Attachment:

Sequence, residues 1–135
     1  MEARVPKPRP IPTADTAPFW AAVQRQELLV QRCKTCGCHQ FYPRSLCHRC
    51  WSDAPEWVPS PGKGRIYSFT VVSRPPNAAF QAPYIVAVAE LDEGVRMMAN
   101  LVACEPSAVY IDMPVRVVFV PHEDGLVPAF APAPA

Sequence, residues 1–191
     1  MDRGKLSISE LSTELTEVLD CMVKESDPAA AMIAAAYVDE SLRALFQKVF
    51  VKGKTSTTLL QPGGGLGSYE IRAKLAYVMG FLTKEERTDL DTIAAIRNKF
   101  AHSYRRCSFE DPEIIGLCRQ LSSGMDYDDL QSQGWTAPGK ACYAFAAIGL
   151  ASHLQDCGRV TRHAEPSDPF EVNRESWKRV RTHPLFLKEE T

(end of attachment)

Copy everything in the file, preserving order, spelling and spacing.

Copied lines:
Sequence, residues 1–135
     1  MEARVPKPRP IPTADTAPFW AAVQRQELLV QRCKTCGCHQ FYPRSLCHRC
    51  WSDAPEWVPS PGKGRIYSFT VVSRPPNAAF QAPYIVAVAE LDEGVRMMAN
   101  LVACEPSAVY IDMPVRVVFV PHEDGLVPAF APAPA

Sequence, residues 1–191
     1  MDRGKLSISE LSTELTEVLD CMVKESDPAA AMIAAAYVDE SLRALFQKVF
    51  VKGKTSTTLL QPGGGLGSYE IRAKLAYVMG FLTKEERTDL DTIAAIRNKF
   101  AHSYRRCSFE DPEIIGLCRQ LSSGMDYDDL QSQGWTAPGK ACYAFAAIGL
   151  ASHLQDCGRV TRHAEPSDPF EVNRESWKRV RTHPLFLKEE T